The 1960s were a time of great social and political change in the United States, and the nation's police departments were not spared from the upheaval. Incidents of police brutality against Civil Rights protestors and demonstrators against the Vietnam War damaged police departments' reputations severely, as did widely-publicised urban riots such as the ones that rocked the Watts neighborhood of Los Angeles in 1965. Restoring the image of the nation's police officers became a political priority at both the local and federal levels, for police departments and politicians alike.
By the 1980s, the solution settled upon was community policing. In many ways, this new paradigm was a rejection of the policing professionalism model that prioritised rapid reaction to crimes. It stressed a decentralized model of policing, as well as a return to predictable foot patrols by officers instead of random vehicular routes. The movement towards professionalism had severed the link between police officers and specific communities in order to reduce corruption; now, community policing was restoring it. Furthermore, criminology research began to undermine the scientific basis of the old style of policing, finding that rapid response was only rarely a deterrent to crime. While it could increase the chances of an on-the-spot arrest, speed of reporting was a far larger factor than reaction time, and when trust in police officers was low, people were less likely to report crimes.
One pioneering study was carried out in the 1970s by the San Diego Police Department. During their experiment with community-oriented policing, they required their officers to become familiar with the demographics and call histories of the areas that they patrolled, and to develop tailored patrol strategies that took into account local issues by consulting with local people. While the COP program was only temporary, it demonstrated the need to re-evaluate shift rotation and assign officers to permanent beats in order to build closer relationships with their communities. A separate study in Newark found, too, that visible foot patrols made residents feel safer, particularly when they were regular and carried out by officers well-known in the community.
Under the community policing model, law enforcement took on a less reactive role, instead setting out to solve the root causes of crime hotspots. Without undermining the authority of the police or their role in guaranteeing law and order, community policing initiatives sought to share responsibility for crime prevention and pool resources with local stakeholders: social agencies, businesses, local government officials and so on. While one of the primary objectives of police professionalism had been to guarantee the independence of the police, community policing sought to deepen their interdependence. It also forced police departments to expand their role not only as guardians of the community, but also as mediators between competing interests. Police departments embraced a wider social remit that included resolving neighborhood conflicts, providing emergency social services, and improving neighborhood conditions alongside residents. These new roles were dependent upon, and helped to develop, trust between the police and communities. Officers were also encouraged to find solutions to problems beyond simply arresting suspects. Identifying and solving the problems that lead to crime was equally important.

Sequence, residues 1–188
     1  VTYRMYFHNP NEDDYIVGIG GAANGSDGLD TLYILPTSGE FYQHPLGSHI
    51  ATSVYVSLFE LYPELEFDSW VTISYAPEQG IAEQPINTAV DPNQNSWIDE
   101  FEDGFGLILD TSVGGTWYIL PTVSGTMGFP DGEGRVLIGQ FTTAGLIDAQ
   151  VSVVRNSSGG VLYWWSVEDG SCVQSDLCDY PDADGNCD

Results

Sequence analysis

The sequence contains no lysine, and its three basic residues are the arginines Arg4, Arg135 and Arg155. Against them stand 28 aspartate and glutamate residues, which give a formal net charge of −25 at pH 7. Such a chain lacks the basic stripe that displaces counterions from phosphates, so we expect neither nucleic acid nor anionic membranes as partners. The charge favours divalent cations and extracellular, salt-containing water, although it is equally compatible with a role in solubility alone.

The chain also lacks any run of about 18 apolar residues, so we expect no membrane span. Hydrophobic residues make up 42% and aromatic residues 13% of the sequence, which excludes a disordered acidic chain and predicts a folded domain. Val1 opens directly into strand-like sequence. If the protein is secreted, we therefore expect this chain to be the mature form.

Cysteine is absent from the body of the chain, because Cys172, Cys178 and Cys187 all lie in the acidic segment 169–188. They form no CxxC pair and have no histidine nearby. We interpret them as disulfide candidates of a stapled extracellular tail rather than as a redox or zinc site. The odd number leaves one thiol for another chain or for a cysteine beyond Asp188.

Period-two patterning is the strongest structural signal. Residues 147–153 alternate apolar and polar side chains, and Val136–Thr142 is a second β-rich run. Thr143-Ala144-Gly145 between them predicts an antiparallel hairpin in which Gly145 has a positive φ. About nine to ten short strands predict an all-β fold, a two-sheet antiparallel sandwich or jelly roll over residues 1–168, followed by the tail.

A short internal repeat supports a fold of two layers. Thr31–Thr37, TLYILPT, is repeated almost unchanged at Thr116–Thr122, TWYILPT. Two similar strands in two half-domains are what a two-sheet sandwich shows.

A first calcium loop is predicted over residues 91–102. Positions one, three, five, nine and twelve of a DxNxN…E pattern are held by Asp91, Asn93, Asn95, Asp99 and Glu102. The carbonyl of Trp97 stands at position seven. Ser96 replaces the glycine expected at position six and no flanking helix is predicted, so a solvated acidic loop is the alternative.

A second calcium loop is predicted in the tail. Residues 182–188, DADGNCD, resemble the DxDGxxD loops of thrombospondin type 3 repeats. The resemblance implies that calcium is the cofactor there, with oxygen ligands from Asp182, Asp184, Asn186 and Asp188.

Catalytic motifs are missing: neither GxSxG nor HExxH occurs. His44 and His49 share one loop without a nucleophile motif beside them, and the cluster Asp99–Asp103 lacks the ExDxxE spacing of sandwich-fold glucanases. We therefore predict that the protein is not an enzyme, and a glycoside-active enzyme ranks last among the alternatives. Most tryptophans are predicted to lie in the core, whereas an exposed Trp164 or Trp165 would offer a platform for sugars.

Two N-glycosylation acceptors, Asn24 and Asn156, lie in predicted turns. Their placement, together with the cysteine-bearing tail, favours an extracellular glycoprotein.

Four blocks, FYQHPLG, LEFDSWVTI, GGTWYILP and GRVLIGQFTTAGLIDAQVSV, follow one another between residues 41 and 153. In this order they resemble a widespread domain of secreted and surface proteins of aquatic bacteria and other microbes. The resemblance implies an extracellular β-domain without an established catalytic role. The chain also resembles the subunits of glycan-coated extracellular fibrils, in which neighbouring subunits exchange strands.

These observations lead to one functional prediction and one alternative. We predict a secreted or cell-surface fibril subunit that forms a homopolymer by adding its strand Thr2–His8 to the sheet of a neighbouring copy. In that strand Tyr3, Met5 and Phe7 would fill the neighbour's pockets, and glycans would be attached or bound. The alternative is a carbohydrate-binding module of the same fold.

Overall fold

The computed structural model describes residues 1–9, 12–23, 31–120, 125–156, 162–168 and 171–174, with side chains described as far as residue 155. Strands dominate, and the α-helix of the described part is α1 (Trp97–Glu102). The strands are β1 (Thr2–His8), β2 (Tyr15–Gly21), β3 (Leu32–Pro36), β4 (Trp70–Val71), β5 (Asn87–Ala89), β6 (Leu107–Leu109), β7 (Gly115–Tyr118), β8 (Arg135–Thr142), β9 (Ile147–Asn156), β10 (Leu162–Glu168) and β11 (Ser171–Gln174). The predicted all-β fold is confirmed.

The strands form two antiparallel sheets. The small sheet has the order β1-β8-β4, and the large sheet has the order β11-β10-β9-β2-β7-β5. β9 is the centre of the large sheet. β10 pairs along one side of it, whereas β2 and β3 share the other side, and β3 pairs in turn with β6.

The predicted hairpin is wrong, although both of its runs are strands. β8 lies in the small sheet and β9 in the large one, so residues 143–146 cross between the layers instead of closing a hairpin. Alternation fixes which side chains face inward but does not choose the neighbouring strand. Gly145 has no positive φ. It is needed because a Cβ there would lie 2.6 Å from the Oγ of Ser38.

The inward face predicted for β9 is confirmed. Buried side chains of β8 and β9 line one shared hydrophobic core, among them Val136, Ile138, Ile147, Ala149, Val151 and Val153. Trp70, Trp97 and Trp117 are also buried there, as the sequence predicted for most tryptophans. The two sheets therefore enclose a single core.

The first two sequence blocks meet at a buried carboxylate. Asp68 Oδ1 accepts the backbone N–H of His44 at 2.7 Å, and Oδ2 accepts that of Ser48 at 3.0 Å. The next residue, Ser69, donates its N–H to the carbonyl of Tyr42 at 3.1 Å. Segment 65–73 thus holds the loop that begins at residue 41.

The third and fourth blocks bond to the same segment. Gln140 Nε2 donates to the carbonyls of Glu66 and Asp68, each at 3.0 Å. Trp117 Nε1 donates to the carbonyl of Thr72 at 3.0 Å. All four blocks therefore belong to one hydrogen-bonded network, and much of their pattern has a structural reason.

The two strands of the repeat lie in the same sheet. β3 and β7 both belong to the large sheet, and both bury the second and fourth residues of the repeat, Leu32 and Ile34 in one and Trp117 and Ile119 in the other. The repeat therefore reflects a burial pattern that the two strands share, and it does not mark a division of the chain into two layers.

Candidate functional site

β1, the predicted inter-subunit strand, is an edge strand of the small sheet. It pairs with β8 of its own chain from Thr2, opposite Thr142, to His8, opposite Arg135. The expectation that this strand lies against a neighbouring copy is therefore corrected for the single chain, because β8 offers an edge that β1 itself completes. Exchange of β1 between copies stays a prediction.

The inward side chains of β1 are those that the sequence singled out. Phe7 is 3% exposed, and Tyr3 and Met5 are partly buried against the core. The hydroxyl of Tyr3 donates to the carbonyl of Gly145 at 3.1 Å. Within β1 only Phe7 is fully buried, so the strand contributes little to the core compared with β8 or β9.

One major influence on community policing was the "broken windows" theory put forward by social scientists James Q Wilson and George L Kelling in 1982. The theory hinged on the idea that low-level crimes, like the broken windows that gave it its name, lead to more low-level crimes being committed, and eventually to major crimes. The unfixed windows act as a signal of an uncontrolled, non-cohesive community, one in which criminals can expect to have free rein. One of the aims of community policing was to work with the community to solve these relatively minor problems in order to prevent greater ones from occurring.
Another trend in policing also became more apparent in the latter half of the 20th century, one often at odds with community policing. As threats to police officers increased, police departments began to arm their officers with military-style equipment. The movement towards an increasingly well-armed police force has often been driven by officers themselves. Indeed, in the 19th century when formal police forces were first being established, a debate raged over whether or not officers should be equipped with firearms. That debate was effectively settled by officers arming themselves with their own, privately-held weapons, with or without the official backing of departments. In more recent times, police unions have been major backers of campaigns for a more heavily equipped police force. When President Barack Obama announced in 2015 that transfers of military equipment to police departments would be limited, the Fraternal Order of Police hit back, accusing him of denying officers the equipment that they needed to be safe in disturbance situations, including helmets and shields.
The increasingly well-armed nature of America's police departments has come about in response to mounting threats from well-funded, well-equipped criminals. During the Prohibition era and the Great Depression, police increasingly faced gangsters and bank robbers armed with submachine guns and automatic rifles and wearing primitive body armor. In response, the FBI and other law enforcement agencies began carrying submachine guns of their own, as well as handguns firing more powerful ammunition.